My favourite parts of Upfront Mini 2015

Yesterday I was lucky to attend Upfront Mini – a smallish (150 person!) one day conference about Front End Web development – the parts that appear in your browser!

I particularly liked this part of the introduction:

First up was Lily Dart talking about how the skills of a good designer: empathising, taking responsibility etc are also the skills of a good leader:

I don’t write front end code. I wish I could, but my role is that well known sweet spot between systems administration, user research and sales, and so like everyone else – I was there to learn. Being able to understand, empathise and mentor customers and colleagues is a really useful skill and I strongly agreed with some of her points.

Her slides are here:


I enjoyed Sam Beckham’s talk about the Polymer library and Web Components.

Most of my front-end experience was gained 5-10 years ago, in xhtml 4.0 where you felt lucky if you avoided a frameset so I find HTML5 (and Web Components in particular) mindtwistingly futuristic – perhaps how the internet must feel to people who group in the era of letters and telephone operators.

By chance I read this great article about web components the night before the conference, and Polymer is a library (a HTML library actually – how about that?!) that makes Web Components easier.

In the most basic, layman’s terms (probably with inaccuracy and missed subtly), Web Components are a way to create snippets of html, and call them back later in a simpler form – perhaps slightly like creating a function in code. Say you want something to create a slider or something, but don’t want to copy all the setup code everytime you want to call it – so you can import the html library that defines it, and then simply reference it with a simple tag. It looks like this is the future.
Unfortunately, currently: Browser support = patchy.


Emma Jane Hogbin Westby’s git talk was interesting (here’s the slides and notes) – and fortunately a few days before, I’d also read this great article on git branching – so I was able to follow along and understand most of what was being said. because I don’t really touch code, and only touch git for hobby projects , I don’t have such a deep understanding of that part of software development. As a result of the talk and the article though, I now know a bit about where you might want to keep all the individual commits that make up a feature and where you might want to squash them into a single object.


Amy Philips’s talk about mobile testing gave me an incredible headsup about how little I know about testing. Basically, testing mobile software is super hard – because there are so many different platforms, software versions, levels of connectivity, accessibility settings that testing becomes super-hard! I now feel extra inspired to go listen to Gem Hill’s Let’s Talk About Tests Podcast and understand more about the subject.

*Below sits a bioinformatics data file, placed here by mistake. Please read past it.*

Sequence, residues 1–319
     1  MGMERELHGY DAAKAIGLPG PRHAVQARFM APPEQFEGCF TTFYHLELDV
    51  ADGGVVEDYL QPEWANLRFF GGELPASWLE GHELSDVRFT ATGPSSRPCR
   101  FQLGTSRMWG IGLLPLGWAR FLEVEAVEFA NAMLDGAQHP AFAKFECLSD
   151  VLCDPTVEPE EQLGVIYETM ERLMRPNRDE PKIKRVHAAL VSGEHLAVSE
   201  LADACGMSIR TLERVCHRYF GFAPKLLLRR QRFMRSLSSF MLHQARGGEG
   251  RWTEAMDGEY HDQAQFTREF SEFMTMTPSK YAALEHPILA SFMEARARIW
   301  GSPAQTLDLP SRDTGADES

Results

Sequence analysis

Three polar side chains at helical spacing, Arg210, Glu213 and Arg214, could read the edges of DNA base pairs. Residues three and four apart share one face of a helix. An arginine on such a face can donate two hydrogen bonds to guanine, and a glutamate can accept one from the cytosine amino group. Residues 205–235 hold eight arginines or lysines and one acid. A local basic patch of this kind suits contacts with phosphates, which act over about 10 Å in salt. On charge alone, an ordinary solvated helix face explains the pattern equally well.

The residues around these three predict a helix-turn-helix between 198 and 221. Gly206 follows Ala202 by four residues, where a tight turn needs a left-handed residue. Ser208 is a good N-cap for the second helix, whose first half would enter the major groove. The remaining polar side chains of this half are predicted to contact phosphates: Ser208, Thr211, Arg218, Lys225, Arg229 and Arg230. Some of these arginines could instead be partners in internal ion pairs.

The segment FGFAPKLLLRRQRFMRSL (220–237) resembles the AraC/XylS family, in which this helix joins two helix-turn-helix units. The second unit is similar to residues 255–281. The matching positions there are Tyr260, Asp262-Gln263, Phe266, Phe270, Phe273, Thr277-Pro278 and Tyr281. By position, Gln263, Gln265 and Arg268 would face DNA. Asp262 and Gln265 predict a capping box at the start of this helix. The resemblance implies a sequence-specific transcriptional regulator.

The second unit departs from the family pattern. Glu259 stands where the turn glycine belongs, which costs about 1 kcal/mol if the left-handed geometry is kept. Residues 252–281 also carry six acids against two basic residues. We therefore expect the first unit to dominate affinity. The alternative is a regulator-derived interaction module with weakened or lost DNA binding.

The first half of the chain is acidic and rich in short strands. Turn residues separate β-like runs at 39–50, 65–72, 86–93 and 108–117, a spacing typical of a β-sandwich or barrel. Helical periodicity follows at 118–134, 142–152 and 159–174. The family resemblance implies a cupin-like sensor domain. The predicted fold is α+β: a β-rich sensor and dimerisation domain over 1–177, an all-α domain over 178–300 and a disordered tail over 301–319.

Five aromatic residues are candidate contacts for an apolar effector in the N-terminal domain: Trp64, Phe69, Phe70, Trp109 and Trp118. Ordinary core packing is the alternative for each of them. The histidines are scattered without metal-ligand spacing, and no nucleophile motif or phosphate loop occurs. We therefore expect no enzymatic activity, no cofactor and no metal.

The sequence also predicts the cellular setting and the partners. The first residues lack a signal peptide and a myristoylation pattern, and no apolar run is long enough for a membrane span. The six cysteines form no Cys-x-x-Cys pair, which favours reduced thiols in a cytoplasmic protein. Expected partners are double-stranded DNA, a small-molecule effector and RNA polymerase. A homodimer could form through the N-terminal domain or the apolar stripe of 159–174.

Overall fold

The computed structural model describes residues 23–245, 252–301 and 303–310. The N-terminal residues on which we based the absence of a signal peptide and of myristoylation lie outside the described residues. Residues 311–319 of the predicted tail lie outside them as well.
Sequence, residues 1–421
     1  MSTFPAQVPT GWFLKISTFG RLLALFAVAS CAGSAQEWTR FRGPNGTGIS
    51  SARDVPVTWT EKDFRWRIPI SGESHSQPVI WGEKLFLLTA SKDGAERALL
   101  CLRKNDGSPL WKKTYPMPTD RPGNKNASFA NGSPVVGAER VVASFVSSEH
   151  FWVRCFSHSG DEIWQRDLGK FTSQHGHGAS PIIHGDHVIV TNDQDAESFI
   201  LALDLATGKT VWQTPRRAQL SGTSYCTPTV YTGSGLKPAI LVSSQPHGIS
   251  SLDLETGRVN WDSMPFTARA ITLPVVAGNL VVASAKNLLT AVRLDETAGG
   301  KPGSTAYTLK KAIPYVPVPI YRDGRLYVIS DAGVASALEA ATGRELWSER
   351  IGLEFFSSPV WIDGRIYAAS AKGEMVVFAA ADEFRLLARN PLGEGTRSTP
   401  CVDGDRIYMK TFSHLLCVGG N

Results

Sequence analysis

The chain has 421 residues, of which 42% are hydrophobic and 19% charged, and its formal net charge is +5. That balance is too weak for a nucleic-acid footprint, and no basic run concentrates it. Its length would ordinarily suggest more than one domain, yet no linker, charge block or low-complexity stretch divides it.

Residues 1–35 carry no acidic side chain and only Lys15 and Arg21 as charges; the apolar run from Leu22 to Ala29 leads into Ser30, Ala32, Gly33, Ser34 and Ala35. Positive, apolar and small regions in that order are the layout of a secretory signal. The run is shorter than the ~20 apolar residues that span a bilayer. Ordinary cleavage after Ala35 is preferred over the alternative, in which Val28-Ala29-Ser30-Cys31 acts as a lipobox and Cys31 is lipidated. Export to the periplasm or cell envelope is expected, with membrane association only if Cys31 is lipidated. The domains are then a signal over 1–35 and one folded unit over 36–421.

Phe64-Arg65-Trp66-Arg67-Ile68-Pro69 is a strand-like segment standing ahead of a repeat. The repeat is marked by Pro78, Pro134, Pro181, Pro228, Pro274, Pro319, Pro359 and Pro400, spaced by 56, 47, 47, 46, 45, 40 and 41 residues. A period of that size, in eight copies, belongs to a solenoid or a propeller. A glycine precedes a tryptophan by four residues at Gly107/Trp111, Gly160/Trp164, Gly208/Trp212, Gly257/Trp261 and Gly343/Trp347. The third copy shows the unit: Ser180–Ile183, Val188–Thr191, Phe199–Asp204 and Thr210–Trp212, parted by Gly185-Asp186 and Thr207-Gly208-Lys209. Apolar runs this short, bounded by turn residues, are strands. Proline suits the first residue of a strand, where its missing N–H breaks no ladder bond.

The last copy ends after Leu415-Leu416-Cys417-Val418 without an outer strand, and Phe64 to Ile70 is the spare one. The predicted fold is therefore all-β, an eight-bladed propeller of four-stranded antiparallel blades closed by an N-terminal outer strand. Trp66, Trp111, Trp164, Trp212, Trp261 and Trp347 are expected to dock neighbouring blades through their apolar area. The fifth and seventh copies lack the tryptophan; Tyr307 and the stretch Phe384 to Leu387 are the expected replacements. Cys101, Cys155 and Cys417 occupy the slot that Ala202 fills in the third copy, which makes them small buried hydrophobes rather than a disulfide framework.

Benjamin Hollway gave a talk about young people and technology – nothing out of the ordinary I thought – just another youngish developer talking about the issues of being young, and trying to get into the technology community. Then after the talk, it came to Q&A, and it was revealed that Benjamin was 17. I was floored. Of course, I should have spotted the clues, but to the organiser’s incredible credit, they hadn’t billed the talk as anything different, they hadn’t said the presenter was young. It was very well executed. The Q&A were lively, with some people clearly inspired to see 17yros doing impressive things, suggesting that perhaps agencies should be recruiting people pre-university. Other people were unconvinced, wondering if pre-university young-people would be able to concentrate through a 9-5 day. They were roundly put down when it was pointed out that most normal developers can’t concentrate through a 9-5 day, not to mention that school/college is basically a 9-5 commitment before that point!

I could empathise with Benjamin a great deal and was psyched to see another YRS alumni going on to fulfill their own dreams and forge their own path. I didn’t go to university, got a job straight out of college, and heard lots of people telling me lots of conflicting information at that time. I always love the conversations that arise when a conference supports a young speaker like that, and I really appreciate that Benjamin and the conference organisers made it happen.


I had a good time catching up with Katrina and talking to Nathan about design processes and how to build things, meeting Goose, working out scary tech halloween costumes with Chris, finally chatting to Nick in real life and Andy about marketing & deals.

As the first event in the upfrontconf/speaktheweb that I’ve attended, I really enjoyed it – the organisers – Simon, Rachel, Katie, Dan & Jack, deserve a high five for putting in all the effort to make such a great event happen. Thank you all!

Young Rewired State 2010 Manchester :: Video

Young Rewired State Manchester’s video of the events of the week

Shot on a Nokia N900, Edited in Kdenlive by @tdobson on the train down to London.

Audio:
Give (Us Your Heart Remix)
Music by Kerodean / Lyrics by DJ Connectionist / Vocals by Tdobson

Download the ogg from here: http://ur1.ca/10su6
Download the Audacity src here: http://ur1.ca/0zy17

Licence: Creative Commons BY-SA 3.0

P.s.
Apologies for the codec bleed – Kdenlive didn’t like the N900 MP4’s